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14th April, 2020

3 businesses thriving amid COVID-19

There are businesses surviving and thriving despite the COVID-19 lockdown. Here are three great examples.

Many agile and spirited small business owners have adapted to the restricted trading conditions with incredible speed.

Small businesses have been placed under tremendous pressure as people practice social distancing. Supply chains are challenged, consumer behaviour has changed and small businesses need to innovate, according to the chief executive of ActionCOACH ANZ, Paul Henshall.

“Those who market and sell better than their competition and make it more convenient for customers to get their hands on their goods, are the ones that will better this storm,” said Henshall.

“You might want to change your marketing messaging, relook at your supply chain, and make some changes to the way you operate on a day to day basis.

“With this pandemic or other supply chain issues, you might need to change the way you distribute, sell or deliver. Look carefully at where the missing links are.”

Henshall also said to consider if you need to deliver the product or service in a different model.

“You may have to source products from different suppliers to your prior sources because in some situations, the primary source for product or inventory might not be able to provide the quantity or timely delivery.

“This may be an opportunity to make a change that was already needed.”

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Taking the opportunity


When it comes to opportunities in small business, timing is a key factor.

With tons of businesses forced to close their doors, there are those who have surprisingly flourished due to everyone staying at home.

Below are three small businesses examples that are currently thriving.

UkeleMate thriving under lockdown.
UkuleleMate’s founder had to enlist his parents to assist with logistics. Image: supplied.

1. UkuleleMate

Self-isolating families have been quick to set some lofty goals to stave off the boredom. And one of those goals has been to learn to play the ukulele (particularly for parents wanting to ensure their kids don’t spend the next six months staring at TV shows).

This has been phenomenal news for a small family business in regional Victoria, UkuleleMate. Business has been booming amid the COVID-19 outbreak, with sales spiking by 350 percent.

The online business is run by Joel Carr, whose parents send out the orders.

One of the selling points has been an online Skype lesson with the company’s ukulele teacher, which has proven popular. This has prompted the company to move to hosting daily online video classes for the growing number of customers.

READ: Additional grants to support SMEs and startups

“Mum and Dad had to hook the trailer up to their ute to take all the parcels into their local post office,” said Carr.

The business started as a one-man operation in 2013, and is on track to do $1.4 million in sales this year.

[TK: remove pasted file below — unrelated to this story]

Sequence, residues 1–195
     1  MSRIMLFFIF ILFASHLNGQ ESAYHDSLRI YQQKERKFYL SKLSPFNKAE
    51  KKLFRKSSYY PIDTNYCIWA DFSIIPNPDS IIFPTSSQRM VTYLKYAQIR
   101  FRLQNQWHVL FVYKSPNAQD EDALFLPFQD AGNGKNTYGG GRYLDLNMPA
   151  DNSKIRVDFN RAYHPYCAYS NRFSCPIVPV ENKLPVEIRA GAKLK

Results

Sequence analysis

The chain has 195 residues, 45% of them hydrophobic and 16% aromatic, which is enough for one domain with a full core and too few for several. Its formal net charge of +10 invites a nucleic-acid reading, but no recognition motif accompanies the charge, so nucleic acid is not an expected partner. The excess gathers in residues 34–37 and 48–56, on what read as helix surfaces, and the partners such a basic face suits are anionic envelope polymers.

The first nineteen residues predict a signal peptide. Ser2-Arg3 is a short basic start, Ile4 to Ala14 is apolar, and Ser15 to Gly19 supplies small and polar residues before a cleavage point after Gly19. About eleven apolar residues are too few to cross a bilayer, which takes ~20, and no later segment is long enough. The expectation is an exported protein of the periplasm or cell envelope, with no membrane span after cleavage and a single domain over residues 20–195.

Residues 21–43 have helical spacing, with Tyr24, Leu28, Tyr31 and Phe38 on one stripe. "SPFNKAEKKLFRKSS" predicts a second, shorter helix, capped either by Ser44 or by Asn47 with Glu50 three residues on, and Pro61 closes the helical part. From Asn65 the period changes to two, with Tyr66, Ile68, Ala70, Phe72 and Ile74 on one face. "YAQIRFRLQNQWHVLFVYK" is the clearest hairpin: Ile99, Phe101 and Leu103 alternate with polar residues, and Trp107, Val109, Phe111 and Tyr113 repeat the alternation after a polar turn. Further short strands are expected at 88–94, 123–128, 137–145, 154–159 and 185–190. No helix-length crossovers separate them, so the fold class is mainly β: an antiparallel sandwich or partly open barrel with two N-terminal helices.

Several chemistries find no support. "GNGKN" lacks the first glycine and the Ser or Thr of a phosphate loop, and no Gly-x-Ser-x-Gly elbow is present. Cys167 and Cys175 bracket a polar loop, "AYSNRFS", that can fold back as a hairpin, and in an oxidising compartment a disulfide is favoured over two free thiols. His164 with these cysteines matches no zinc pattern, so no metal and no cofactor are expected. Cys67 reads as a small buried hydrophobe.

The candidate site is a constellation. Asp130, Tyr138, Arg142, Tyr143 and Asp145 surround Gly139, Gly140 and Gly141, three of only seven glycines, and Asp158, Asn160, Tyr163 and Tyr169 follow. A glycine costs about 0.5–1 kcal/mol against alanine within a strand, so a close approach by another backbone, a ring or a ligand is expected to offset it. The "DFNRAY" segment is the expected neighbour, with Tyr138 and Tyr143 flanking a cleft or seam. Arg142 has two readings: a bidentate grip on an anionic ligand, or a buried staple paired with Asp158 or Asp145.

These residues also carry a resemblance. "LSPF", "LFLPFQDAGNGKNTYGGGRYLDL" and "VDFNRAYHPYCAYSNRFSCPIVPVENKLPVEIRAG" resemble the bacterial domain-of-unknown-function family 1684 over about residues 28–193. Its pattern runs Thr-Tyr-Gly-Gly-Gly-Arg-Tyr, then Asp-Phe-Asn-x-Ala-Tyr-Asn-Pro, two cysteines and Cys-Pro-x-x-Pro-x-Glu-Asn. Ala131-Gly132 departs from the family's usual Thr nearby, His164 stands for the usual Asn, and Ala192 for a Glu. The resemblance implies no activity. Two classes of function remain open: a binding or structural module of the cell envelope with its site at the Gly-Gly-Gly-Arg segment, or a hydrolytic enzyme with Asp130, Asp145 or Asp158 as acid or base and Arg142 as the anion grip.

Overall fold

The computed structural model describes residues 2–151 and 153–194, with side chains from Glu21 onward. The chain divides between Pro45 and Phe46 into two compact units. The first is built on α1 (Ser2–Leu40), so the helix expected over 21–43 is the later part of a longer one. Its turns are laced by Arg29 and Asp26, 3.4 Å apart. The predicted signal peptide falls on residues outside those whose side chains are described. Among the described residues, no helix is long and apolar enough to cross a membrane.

Chef Peter Ford
Chef Peter Ford is keeping busy by adapting his catering business for lockdown. Image: supplied.

2. Peter Ford Catering

Ballarat catering company Peter Ford Catering was hit hard by the restricted trading conditions. Weddings, events and functions were immediately cancelled for the next six months and deposits returned to customers.

The renowned chef needed to think quickly and pivot within a couple of weeks to ensure his staff would continue to have jobs amid the trading restrictions.

Ford decided to relaunch a retail brand he had shelved because his business was booming on the back of the events sector. The Real Meal once had a favourite retail product for consumers wanting a restaurant quality meal at home.

He brought the brand out of retirement and relaunched it as a home-delivered, restaurant-quality meal for two, made with locally-sourced ingredients.

“The Real Meal is a wonderful way to eat well and support a local business, who in turn supports local suppliers and employs local people,” said Ford.

Peter Ford Catering has been trading for 20 years, mostly across regional Victoria.

AusAir face mask

AusAir is a local manufacturer of face masks. Image: supplied.

3. AusAir Face Masks

Entrepreneurial Australian brothers Issac and Elias Honor and lifelong friend Jack Graham are the creators of a face mask that allows you to breathe ‘pure’ Australian air.

READ: Where to focus your marketing efforts under lockdown

They’ve spent a lot of time and effort on creating the product, and just as they were about to go full-steam ahead into production, COVID-19 became a global issue.

This has given the business a ready-made market, prompting the company to ramp up production as demand for AusAir Face Masks hits fever pitch.

“With the unfortunate spread of Novel Coronavirus and the tragedy of the Australian bushfires, protection has really been at the forefront of people’s minds,” co-founder Isaac Honor says.

The business idea was inspired by a trip to China in 2017, where they were horrified to learn of the pollution in the air. They set out to design an aesthetically pleasing and comfortable solution with the health benefits of Australian botanicals.

The masks have won a number of design and entrepreneur awards and went viral on Kickstarter, raising over $1.1 million. The masks are in the final stages of production, which has now been ramped up to meet a ready-made, global demand.

The team has increased production from an initial 2,000 masks to 30,000.

Are you impacted by COVID-19 and the restrictions it’s placed on business activity? Head over to MYOB’s COVID-19 business resource hub for more information on what you can do to pivot, survive and thrive.